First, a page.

Renewables-Rich Rajasthan Has Potential To Lead India’s Energy Transition

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As India looks to expand its renewable energy capacity, a new report from IEEFA finds that Rajasthan can play a key leadership role in the country’s transition to a low-cost, low-emission, profitable electricity system. 

Rajasthan Leads in Renewable Potentional

Rajasthan’s installed renewable energy capacity reached 9.6 gigawatts (GW) at the end of fiscal year (FY) 2019/20. It also added more solar power capacity (1.7GW) in FY 2019/20 than any other Indian state, ahead of Karnataka (1.4GW), the state with the highest installed solar capacity, and Tamil Nadu (1.3GW).

“Rajasthan has a bright future as a renewable energy leader in India,” says the report’s author Kashish Shah, Research Analyst at the Institute for Energy Economics and Financial Analysis (IEEFA). “But its power distribution companies (discoms) are among the worst performing in India.”

Expensive coal-fired capacity tariffs coupled with huge aggregate technical and commercial (AT&C) losses led to the Rajasthan discoms booking a loss of Rs6,355 crore (US$900m) in FY2019/20 after accounting for state government subsidies.

“A shift to cheaper renewable capacity could help alleviate the discoms’ financial liquidity and cash flow issues,” says Shah. 

RAJASTHAN HAS HIGH SOLAR RADIATION AND WIND SPEEDS AND AN ABUNDANCE OF BARREN LAND THAT MAKE IT SUITABLE FOR UTILITY-SCALE SOLAR PARKS. And it is already home to the world’s largest solar park – the 2.25GW Bhadla Solar Park, located in Jodhpur district.

“These factors make Rajasthan an attractive destination for domestic and foreign investors looking for opportunities in renewable energy, electricity grid infrastructure and associated manufacturing,” says Shah.

Currently Rajasthan depends on electricity imported from other states given a power deficit during peak daytime hours. With an increase in renewable energy investment the state could become a net exporter of electricity in the coming decade, according to the report.

“It makes sense for Rajasthan to export electricity to other states. Yet we estimate it imported 10.9 terawatt hours (TWh) in FY2019/20,” says Shah. “The state government should be taking proactive measures to fully utilise Rajasthan’s renewable energy potential and build capacity to transmit power to states with energy deficits.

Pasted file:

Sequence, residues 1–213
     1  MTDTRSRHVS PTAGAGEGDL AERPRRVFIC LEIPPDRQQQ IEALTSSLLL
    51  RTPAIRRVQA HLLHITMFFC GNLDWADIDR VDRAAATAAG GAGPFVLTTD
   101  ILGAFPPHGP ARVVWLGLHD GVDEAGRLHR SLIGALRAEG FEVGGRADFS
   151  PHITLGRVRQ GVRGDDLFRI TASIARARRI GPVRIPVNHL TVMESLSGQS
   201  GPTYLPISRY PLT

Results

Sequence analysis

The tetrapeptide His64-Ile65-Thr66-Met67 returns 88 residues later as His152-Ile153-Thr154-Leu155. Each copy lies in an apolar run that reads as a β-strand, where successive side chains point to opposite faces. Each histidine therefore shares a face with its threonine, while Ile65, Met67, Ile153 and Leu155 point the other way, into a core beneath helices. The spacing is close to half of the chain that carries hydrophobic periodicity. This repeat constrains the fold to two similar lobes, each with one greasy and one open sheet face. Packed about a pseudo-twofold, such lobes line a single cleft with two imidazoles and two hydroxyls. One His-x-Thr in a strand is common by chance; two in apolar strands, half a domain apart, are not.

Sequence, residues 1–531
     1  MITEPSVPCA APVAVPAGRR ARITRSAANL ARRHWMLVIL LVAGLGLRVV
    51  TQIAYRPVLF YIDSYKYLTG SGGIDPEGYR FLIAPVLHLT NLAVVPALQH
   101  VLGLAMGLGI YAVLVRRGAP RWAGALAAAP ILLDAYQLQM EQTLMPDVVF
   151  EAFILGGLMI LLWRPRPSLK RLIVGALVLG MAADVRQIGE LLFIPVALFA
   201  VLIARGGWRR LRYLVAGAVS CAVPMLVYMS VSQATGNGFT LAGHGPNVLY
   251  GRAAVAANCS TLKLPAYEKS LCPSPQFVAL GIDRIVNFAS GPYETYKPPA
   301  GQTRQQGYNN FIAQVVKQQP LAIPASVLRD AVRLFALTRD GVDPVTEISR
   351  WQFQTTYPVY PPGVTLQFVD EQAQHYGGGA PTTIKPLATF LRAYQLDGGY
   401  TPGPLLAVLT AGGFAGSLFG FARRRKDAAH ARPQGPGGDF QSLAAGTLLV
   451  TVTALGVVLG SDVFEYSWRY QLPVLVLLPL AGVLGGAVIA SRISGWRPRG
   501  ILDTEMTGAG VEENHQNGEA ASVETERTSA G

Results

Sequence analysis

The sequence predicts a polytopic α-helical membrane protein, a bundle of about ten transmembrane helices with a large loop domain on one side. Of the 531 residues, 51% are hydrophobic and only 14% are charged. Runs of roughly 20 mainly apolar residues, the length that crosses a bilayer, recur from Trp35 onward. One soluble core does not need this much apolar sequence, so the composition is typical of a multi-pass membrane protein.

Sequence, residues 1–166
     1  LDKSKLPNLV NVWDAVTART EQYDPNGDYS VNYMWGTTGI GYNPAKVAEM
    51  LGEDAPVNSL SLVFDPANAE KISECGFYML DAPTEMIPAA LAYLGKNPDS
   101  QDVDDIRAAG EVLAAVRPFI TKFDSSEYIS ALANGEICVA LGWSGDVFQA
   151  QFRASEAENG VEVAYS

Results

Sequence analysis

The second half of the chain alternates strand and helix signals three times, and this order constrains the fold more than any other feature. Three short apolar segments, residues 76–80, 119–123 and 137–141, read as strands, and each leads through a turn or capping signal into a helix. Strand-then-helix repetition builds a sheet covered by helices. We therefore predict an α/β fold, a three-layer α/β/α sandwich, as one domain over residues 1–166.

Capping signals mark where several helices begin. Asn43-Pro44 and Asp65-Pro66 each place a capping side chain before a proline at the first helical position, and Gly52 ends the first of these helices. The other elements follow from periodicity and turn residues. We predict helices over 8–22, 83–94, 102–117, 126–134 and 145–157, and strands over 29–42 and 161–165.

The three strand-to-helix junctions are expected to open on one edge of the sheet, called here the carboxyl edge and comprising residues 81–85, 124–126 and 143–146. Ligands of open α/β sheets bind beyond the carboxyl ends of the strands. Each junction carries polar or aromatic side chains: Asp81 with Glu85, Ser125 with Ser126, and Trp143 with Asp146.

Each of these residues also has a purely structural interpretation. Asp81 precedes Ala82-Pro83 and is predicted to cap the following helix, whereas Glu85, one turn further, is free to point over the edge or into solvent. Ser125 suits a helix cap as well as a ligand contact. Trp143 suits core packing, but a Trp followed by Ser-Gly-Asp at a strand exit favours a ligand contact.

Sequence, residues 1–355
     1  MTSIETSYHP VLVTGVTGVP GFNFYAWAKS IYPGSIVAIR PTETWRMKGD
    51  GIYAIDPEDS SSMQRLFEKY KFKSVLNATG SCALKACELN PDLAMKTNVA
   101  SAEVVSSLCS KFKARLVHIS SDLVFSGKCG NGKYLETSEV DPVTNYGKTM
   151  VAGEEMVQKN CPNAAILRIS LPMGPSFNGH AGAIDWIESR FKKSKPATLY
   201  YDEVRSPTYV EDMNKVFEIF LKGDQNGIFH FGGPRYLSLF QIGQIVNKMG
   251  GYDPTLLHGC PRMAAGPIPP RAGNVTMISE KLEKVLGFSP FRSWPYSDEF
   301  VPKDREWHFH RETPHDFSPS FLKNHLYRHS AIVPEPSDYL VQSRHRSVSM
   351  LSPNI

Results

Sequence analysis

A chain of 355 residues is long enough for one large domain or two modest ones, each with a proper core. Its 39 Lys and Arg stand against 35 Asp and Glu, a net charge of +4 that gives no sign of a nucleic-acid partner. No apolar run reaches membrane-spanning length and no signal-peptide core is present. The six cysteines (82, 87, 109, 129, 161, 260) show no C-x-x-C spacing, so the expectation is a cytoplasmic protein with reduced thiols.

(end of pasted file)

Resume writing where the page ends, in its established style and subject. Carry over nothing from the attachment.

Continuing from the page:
“Revenues from the interstate export of power would help sustainably grow GDP and improve India’s energy security and load balancing capacity.”

Today renewable energy sources form 43.5% of Rajasthan’s operational installed capacity and produce 17.6% of its total on-grid generation. Meanwhile the state’s 9.8GW of coal-fired capacity makes up 45% of total installed capacity and produces 56.5% of total on-grid generation.

But Rajasthan’s electricity sector could look very different by the end of this decade, IEEFA’s modelling suggests.

“We forecast that the composition of the electricity sector will shift dramatically, with renewables forming 74% of capacity and 63% of total generation by FY2029/30,” says Shah.

“Our model forecasts a total of 22.6GW of renewable energy to be added to Rajasthan’s grid. This will consist of 18GW of new solar capacity, of which 3GW is forecast to be distributed solar capacity. 

“We estimate solar will supply 98% of the incremental electricity demand by FY2029/30; and that 4GW of new onshore wind power capacity will serve 45% of the incremental demand.

“AS THE DISCOMS LOOK TO CATER TO THEIR INCREMENTAL DEMAND THROUGH CHEAPER, DEFLATIONARY RENEWABLES, COAL-FIRED PLANTS WILL PROGRESSIVELY LOSE OUT ON MARKET SHARE to about 28% or 13TWh by FY2029/30.”

The modelling in the report takes into account India’s economic slowdown and the COVID-19 pandemic which has led to falling electricity demand. IEEFA projects Rajasthan’s electricity requirements to grow by only 42% over the next decade – from 81TWh in FY2019/20 to 115TWh in FY2029/30 – a growth well below any forecasts set even two years ago.

The report predicts the state will gradually retire its highly polluting, outdated and end-of-life coal-fired power plants. It models a net reduction in coal capacity of 0.7GW by FY2030.

“The energy landscape is changing rapidly,” says Shah. “With net coal capacity closures over the coming decade, we forecast the coal-fired power sector’s utilisation rates will drop to 41% in FY2029/30 from an already unsustainably low 55% in FY2019/20.

“If Rajasthan fulfils its solar power potential, it could be one of the largest contributors to India’s target of 450GW of renewable energy by 2030 – and provide a model for other states to follow.”

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